Saab engineers developed 70% of the new 9-5 and the company has the capability to continue developing new models thanks to the investment General Motors has made in it in recent years.
“I have 900 engineers in Sweden and I have all the capabilities and knowledge that I need to continue to develop models,” said director of vehicle engineering Mats Fägerhag.
His main priority as the company moves forward and way from the GM umbrella will be to get Saab back to its engineering roots and strengths.
“GM was all about volume and that dictated the decision making. What we can do with Saab now is to focus on premium rather than price and volume.”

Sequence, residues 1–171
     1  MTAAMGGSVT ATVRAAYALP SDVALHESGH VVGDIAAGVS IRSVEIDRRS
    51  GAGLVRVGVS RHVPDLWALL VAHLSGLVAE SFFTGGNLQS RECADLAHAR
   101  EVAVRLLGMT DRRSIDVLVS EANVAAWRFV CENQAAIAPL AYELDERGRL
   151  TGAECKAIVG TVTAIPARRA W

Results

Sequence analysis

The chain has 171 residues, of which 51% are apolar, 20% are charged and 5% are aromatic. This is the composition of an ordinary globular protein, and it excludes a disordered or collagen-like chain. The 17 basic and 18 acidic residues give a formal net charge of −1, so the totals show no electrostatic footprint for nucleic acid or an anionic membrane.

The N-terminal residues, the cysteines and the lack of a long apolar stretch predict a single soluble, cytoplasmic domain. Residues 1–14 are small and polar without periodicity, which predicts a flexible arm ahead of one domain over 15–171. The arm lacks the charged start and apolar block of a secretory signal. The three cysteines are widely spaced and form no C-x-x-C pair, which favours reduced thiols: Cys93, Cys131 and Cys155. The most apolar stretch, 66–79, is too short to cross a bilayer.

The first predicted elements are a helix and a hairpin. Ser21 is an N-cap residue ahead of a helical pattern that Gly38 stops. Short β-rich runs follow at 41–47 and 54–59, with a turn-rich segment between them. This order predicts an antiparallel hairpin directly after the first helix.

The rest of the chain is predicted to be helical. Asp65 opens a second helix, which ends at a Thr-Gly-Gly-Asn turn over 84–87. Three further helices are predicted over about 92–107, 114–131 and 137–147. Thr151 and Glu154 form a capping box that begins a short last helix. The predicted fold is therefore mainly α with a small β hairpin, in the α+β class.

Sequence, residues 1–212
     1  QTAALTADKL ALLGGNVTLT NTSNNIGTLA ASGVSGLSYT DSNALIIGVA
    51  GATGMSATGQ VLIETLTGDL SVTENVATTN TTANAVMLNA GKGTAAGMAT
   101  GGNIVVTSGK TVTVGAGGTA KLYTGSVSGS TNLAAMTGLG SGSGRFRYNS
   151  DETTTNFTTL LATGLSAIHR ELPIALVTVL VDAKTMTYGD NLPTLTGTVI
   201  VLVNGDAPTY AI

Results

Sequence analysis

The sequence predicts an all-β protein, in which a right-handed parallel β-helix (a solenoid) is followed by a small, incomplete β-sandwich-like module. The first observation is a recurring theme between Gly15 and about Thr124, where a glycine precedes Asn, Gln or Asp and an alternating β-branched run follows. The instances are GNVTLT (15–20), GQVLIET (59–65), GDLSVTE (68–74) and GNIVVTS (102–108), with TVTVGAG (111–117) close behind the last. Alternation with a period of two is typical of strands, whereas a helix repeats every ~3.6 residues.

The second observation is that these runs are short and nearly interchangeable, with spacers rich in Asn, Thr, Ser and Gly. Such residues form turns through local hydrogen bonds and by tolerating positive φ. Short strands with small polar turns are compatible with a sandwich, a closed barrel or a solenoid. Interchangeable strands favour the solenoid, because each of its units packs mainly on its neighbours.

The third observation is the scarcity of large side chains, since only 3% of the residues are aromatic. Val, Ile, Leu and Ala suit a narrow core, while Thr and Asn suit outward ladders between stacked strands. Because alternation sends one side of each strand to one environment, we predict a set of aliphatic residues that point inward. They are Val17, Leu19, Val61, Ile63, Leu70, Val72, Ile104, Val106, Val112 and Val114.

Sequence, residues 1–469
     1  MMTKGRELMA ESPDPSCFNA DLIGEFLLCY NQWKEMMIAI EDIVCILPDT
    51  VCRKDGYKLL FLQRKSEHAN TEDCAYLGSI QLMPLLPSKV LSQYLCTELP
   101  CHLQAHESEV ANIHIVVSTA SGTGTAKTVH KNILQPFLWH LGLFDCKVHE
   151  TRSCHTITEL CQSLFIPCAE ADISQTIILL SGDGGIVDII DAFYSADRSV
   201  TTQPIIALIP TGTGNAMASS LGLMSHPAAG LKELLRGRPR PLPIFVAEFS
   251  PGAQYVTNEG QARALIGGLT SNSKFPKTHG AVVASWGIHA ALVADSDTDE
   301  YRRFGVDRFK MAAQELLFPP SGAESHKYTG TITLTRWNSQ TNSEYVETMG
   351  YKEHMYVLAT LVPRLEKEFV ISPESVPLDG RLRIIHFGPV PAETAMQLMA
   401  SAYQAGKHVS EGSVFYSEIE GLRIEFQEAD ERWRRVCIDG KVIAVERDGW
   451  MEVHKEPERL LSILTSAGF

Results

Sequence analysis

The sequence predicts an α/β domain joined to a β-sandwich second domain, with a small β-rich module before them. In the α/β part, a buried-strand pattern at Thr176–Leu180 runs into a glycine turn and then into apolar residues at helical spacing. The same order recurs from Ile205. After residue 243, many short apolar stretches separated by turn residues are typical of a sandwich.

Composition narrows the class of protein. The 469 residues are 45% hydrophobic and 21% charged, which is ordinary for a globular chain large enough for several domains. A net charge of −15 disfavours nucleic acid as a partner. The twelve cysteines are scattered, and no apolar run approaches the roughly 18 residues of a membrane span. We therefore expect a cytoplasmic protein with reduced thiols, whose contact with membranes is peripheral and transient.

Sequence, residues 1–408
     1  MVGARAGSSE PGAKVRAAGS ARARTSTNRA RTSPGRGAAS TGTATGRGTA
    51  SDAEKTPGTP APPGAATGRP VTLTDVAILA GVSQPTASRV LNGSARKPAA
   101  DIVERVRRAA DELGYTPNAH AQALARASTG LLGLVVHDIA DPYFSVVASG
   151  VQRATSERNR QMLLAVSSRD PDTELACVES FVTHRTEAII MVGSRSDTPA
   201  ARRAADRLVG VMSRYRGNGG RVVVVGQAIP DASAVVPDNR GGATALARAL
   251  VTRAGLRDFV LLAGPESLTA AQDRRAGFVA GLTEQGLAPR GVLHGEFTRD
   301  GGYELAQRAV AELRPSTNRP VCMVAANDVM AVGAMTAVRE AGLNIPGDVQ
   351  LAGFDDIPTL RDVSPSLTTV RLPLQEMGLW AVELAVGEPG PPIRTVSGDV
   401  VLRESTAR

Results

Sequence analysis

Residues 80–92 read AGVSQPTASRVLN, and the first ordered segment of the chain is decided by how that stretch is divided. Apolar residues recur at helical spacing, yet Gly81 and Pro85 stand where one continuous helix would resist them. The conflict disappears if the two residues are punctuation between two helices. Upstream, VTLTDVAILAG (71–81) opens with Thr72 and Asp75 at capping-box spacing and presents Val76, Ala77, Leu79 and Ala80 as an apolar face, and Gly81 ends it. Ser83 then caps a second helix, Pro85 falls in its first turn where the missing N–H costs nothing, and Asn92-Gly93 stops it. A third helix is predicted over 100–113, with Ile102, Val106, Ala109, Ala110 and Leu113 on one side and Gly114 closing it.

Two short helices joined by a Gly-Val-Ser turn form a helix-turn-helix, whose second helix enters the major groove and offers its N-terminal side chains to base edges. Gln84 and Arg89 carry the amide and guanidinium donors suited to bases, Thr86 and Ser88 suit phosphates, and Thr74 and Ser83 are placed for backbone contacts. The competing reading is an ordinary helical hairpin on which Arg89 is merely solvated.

Saab will also look at producing cars smaller than the 9-3. “Downsizing is definitely on the agenda but we also need to produce safe and environmentally-friendly cars. We have a good starting point,” said Fagerhag.
The 9-5, unveiled in Frankfurt on Tuesday, is based on the same architecture as the Opel/Vauxhall Insignia with Fägerhag in charge of 1,000 engineers in Russelsheim and 500 at Saab’s HQ in Trollhatten.
The platform had to span GM brands from the volume end like Chevrolet to the more upmarket Buick and Cadillac.
“What we did was develop a menu of components – a bandwidth or basis for a car – with, for example, a choice of two front and two rear suspensions, different HVAC systems to cover the requirements of the different brands.
“The Insignia and 9-5 are different cars from the same family. They look different, feel different and drive differently. The 9-5 has a wheelbase 100mm longer than the Insignia.”
Fägerhag said that the 9-5 “had to be a real Saab, built around the driver.” Features include a head-up display taken from Saab’s aerospace links, which the Insignia does not have.